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07-25-2010, 02:27 PM   #1
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Anyone else do this? ISO 100 and compensate with flash/EV/aperture?

Does anyone else shoot like this in low light? I have a K200D which, among the Pentax line up, doesn't do as well in low light. What I have been doing is keeping the ISO at 100 and compensate with flash, EV, and aperture adjustments. Pictures taken like this come out much sharper than ones taken when I let the ISO go auto (or maybe it's just my technique).

All of my photography is for my own enjoyment, so there's no need to worry about restrictions on flash. I suppose if I ever were shooting in a flash restricted environment, I'd be in trouble. If I had a K-x I think I'd be more adventuresome.

Just wondering

07-25-2010, 02:44 PM   #2
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I think nearly everyone does that.
07-25-2010, 02:53 PM   #3
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I had this feeling that most people use ISO for low light stuff, but maybe that assumption is a false one.
07-25-2010, 02:54 PM   #4
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Flash as a way of dealing with low light, sure that's pretty universal. But for the cases where you don't want to or can't use flash, there's basically no option but increasing ISO. You can shoot low ISO and underexpose, but when you brighten in PP, the results are *exactly* the same as shooting higher ISO in the first place.

ISO 1600 performance isn't particularly bad on the K200D. I shoot that way a ton. Just apply a judicious amount of NR - either in camera or, preferably, in NR. Just last week I printed this one 8.5x11" and it looks great:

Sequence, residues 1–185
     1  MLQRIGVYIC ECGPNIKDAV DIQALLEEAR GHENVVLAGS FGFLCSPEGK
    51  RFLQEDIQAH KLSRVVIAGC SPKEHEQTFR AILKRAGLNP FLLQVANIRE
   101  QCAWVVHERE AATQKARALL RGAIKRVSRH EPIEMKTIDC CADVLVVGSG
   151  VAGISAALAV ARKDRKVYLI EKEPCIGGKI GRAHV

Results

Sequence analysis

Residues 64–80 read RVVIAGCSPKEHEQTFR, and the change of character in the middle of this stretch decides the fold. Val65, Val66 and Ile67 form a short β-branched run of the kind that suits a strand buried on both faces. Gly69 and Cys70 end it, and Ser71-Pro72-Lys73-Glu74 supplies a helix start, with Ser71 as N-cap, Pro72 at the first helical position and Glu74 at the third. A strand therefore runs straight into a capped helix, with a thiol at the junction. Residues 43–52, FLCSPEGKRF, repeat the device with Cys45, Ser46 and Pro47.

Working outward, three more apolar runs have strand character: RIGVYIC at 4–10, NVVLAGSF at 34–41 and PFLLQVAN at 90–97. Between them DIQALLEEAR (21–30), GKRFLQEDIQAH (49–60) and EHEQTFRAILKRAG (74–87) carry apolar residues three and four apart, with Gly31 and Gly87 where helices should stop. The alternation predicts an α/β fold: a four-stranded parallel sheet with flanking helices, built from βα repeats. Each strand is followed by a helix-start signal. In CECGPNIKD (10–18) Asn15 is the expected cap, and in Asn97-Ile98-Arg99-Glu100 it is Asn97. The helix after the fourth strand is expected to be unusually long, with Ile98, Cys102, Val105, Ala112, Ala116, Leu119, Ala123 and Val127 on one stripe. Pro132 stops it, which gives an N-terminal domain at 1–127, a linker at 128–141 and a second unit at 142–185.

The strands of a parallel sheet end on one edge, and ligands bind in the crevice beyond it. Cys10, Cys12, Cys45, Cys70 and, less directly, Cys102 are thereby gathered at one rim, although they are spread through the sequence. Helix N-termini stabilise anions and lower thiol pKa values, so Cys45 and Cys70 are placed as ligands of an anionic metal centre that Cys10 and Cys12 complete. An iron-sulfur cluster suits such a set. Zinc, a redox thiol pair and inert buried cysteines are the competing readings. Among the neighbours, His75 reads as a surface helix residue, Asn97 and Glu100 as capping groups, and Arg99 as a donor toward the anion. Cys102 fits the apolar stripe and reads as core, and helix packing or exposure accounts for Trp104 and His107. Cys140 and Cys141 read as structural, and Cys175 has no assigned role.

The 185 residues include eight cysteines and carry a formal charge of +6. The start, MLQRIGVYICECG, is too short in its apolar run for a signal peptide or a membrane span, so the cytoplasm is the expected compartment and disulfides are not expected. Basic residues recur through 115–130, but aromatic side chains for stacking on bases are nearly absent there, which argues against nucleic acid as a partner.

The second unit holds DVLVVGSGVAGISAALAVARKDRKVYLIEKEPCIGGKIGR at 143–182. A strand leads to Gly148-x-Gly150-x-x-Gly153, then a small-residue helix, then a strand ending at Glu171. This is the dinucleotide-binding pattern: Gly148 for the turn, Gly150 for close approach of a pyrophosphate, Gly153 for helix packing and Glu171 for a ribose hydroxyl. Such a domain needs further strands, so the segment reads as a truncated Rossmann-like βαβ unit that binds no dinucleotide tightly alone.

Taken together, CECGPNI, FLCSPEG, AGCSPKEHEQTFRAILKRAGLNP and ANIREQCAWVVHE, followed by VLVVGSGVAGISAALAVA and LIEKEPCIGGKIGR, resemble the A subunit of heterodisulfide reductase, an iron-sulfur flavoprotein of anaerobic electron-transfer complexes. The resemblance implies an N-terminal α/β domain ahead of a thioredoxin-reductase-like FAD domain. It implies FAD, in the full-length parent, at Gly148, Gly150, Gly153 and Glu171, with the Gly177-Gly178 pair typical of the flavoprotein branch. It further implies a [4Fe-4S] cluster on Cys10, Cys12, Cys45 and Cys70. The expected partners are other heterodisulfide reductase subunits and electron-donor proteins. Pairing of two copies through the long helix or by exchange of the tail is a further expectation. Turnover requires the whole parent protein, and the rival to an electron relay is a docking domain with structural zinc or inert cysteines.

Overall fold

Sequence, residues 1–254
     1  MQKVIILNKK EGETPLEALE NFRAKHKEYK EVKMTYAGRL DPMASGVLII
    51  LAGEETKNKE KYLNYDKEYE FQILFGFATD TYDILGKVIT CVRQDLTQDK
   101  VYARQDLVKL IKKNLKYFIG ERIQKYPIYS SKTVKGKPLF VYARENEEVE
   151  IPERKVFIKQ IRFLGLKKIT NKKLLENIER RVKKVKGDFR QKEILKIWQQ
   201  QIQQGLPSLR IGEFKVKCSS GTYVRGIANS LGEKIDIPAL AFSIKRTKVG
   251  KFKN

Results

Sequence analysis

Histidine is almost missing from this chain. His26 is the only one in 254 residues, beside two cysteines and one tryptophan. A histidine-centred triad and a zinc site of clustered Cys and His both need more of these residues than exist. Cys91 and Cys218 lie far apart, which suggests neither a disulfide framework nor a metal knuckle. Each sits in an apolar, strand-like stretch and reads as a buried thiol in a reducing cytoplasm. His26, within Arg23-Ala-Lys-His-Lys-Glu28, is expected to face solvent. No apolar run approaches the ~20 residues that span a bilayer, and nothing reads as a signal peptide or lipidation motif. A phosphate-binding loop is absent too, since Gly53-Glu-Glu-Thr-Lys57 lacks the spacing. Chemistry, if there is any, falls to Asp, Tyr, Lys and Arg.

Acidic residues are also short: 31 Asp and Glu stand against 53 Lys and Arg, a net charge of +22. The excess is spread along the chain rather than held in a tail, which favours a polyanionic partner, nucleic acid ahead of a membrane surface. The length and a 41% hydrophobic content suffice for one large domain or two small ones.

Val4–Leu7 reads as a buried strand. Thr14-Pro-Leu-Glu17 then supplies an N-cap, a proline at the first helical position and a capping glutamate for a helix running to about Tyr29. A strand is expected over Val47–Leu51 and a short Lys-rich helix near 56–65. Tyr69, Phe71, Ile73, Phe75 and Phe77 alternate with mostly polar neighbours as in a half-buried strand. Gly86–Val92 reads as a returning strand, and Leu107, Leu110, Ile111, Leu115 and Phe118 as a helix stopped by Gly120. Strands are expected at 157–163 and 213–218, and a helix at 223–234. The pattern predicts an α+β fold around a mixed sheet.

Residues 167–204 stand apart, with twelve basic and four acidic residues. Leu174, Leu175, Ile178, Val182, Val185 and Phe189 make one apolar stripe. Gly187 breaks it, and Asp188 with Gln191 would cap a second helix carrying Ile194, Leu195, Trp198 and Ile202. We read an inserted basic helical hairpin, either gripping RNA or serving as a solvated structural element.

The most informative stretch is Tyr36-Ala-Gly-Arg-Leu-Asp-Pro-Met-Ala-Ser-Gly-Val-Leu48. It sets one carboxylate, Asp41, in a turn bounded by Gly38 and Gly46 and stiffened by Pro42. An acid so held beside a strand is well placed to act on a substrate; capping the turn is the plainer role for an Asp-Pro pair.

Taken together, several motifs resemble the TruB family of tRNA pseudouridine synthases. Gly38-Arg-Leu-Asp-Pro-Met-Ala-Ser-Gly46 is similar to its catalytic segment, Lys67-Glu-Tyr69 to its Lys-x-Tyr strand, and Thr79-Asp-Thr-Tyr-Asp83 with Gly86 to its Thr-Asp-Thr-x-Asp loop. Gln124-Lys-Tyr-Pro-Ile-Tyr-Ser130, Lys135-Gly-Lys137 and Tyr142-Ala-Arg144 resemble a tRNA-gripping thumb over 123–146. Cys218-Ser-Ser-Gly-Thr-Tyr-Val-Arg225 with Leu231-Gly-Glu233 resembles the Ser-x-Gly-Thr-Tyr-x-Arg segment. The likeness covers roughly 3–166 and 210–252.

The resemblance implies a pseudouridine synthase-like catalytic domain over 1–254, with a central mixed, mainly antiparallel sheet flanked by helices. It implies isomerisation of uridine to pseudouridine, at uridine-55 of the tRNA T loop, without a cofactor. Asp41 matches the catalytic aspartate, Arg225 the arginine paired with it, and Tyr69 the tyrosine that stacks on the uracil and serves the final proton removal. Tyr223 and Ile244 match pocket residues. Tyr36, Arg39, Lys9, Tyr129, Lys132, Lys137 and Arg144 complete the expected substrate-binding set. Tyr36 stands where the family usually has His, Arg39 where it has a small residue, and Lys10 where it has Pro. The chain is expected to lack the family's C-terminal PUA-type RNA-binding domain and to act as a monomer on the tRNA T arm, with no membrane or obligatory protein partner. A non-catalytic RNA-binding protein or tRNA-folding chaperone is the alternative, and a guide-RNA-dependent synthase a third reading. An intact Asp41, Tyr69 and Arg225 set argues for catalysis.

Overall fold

07-25-2010, 03:05 PM   #5
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Only if flash is an option otherwise using higher ISO just as you would in the good old days of film using higher rated asa film 3200 (i can't remember if there was a 6400asa?)

Then the last resort would be digital darkroom like pushing or pulling film then dodging and burning, different papers, chemicals yada yada
07-26-2010, 03:53 AM   #6
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QuoteOriginally posted by ChooseAName Quote
Does anyone else shoot like this in low light? I have a K200D which, among the Pentax line up, doesn't do as well in low light. What I have been doing is keeping the ISO at 100 and compensate with flash, EV, and aperture adjustments.
I usually set ISO to 200 or 400 when using bounced flash, and depending on the amount of ambient light I also "drag the shutter" so I change to M mode, set aperture for DOF, shutter to somewhere between 1/30 and 1/60. This way I can balance ambient and flash light, and usually get more pleasing results.
With ISO100 and faster (1/100-180) shutter the flash becomes almost the only light source - whether a "flash only" pic is more pleasing depends on the situation and personal preference. I prefer the more balanced pics where it's not (very) obvious that I used flash.
07-26-2010, 05:05 AM   #7
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QuoteOriginally posted by simico Quote
I usually set ISO to 200 or 400 when using bounced flash, and depending on the amount of ambient light I also "drag the shutter" so I change to M mode, set aperture for DOF, shutter to somewhere between 1/30 and 1/60. This way I can balance ambient and flash light, and usually get more pleasing results.
With ISO100 and faster (1/100-180) shutter the flash becomes almost the only light source - whether a "flash only" pic is more pleasing depends on the situation and personal preference. I prefer the more balanced pics where it's not (very) obvious that I used flash.